How many stereoisomers and chiral carbons are there on a 1,3,5-trimethyl cyclohexane molecule?

1 Answer
Dec 4, 2015

Well, there aren't really any chiral carbons here, because each supposed chiral carbon only has three unique substituents (methyl, hydride, methylene), not four unique ones. The molecule as a whole isn't really chiral either, since its mirror image is superposable onto the original.

However, you can still align each methyl in the rear or the front, and that does shift the chair flip equilibrium of the molecule by affecting its stability; hence, it does make it a different, unique configuration of the molecule.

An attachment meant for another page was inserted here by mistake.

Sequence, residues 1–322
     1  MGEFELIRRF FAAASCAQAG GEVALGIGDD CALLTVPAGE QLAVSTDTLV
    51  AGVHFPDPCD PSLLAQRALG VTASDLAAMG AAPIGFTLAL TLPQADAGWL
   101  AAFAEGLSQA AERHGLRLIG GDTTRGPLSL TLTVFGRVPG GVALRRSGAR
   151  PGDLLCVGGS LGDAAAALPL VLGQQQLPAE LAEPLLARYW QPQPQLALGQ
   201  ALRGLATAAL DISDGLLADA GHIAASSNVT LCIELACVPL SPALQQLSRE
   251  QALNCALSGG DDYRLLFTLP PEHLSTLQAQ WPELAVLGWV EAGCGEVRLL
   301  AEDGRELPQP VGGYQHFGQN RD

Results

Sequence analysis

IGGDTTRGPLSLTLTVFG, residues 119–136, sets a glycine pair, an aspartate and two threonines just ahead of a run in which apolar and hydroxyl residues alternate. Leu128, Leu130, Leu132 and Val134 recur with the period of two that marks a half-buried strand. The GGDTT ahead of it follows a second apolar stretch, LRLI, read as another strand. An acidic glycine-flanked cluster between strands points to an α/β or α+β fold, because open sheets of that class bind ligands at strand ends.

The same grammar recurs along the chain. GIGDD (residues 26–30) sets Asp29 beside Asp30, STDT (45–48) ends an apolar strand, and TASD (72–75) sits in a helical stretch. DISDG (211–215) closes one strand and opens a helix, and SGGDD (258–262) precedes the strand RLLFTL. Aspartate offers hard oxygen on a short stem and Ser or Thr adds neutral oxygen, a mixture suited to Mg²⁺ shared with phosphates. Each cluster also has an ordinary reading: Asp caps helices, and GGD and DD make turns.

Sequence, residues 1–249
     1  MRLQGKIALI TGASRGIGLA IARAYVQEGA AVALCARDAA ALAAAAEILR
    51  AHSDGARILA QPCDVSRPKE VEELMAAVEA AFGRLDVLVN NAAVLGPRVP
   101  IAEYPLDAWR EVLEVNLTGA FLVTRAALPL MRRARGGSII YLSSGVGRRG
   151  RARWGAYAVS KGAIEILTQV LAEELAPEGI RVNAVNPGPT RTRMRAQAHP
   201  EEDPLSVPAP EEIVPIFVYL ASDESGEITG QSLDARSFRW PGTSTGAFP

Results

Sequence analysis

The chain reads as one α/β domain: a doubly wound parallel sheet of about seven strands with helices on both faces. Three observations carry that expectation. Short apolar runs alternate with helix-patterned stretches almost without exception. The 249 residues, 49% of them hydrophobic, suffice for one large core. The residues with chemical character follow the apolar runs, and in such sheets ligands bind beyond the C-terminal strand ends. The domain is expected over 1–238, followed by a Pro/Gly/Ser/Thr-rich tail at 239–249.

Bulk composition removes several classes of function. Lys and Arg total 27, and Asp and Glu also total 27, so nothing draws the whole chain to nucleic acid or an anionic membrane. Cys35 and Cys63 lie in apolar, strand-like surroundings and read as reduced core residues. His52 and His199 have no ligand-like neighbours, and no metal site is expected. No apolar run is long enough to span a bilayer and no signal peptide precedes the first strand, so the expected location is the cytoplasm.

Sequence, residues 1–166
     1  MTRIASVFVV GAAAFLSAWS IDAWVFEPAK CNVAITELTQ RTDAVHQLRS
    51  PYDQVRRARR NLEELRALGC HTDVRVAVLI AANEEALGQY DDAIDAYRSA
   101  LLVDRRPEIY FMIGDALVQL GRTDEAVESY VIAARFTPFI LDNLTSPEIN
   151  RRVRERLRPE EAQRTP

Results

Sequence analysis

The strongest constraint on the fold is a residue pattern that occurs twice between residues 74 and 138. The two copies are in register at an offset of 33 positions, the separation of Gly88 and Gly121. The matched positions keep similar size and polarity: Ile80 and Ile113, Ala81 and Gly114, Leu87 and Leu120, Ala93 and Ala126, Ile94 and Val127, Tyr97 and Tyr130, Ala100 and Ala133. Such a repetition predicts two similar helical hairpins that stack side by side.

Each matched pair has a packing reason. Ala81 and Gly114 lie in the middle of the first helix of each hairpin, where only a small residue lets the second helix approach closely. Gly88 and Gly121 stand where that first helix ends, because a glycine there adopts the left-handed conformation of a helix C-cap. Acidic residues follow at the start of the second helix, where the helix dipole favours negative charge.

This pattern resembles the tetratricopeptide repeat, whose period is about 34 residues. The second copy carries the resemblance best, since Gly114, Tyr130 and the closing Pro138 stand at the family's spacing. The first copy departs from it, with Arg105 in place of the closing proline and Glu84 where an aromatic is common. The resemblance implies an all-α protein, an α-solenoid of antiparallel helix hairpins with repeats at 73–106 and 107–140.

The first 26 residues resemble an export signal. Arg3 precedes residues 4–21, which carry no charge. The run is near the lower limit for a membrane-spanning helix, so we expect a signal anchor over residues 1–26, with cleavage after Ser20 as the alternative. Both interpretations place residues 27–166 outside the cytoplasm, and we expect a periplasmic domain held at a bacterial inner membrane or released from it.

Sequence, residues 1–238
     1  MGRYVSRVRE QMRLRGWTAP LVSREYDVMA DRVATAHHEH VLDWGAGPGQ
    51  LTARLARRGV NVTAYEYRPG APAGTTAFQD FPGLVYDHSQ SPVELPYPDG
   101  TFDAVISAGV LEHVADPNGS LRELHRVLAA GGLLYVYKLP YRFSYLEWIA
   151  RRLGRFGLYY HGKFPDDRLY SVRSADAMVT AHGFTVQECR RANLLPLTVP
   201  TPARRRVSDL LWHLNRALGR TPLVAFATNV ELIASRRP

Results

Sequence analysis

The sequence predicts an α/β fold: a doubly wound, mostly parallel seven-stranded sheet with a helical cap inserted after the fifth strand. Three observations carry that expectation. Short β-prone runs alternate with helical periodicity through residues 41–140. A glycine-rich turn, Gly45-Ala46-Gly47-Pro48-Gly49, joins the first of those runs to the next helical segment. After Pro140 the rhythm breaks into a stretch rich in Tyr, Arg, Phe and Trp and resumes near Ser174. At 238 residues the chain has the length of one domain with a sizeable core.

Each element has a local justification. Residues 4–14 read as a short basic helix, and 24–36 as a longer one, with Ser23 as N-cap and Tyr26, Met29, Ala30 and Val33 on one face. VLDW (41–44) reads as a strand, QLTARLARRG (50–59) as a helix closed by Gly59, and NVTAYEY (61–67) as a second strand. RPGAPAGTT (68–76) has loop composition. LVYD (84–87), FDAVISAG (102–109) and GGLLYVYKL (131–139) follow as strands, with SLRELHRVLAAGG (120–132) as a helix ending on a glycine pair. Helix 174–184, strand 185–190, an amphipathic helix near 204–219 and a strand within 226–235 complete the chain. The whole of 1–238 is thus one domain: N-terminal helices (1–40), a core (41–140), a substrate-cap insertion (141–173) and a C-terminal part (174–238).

Due to symmetry, you can have all methyls in the rear/front, one in the rear/front and two in the front/rear, or two in the rear/front and one in the front/rear.

That makes four stereoisomers, but no true chiral carbons.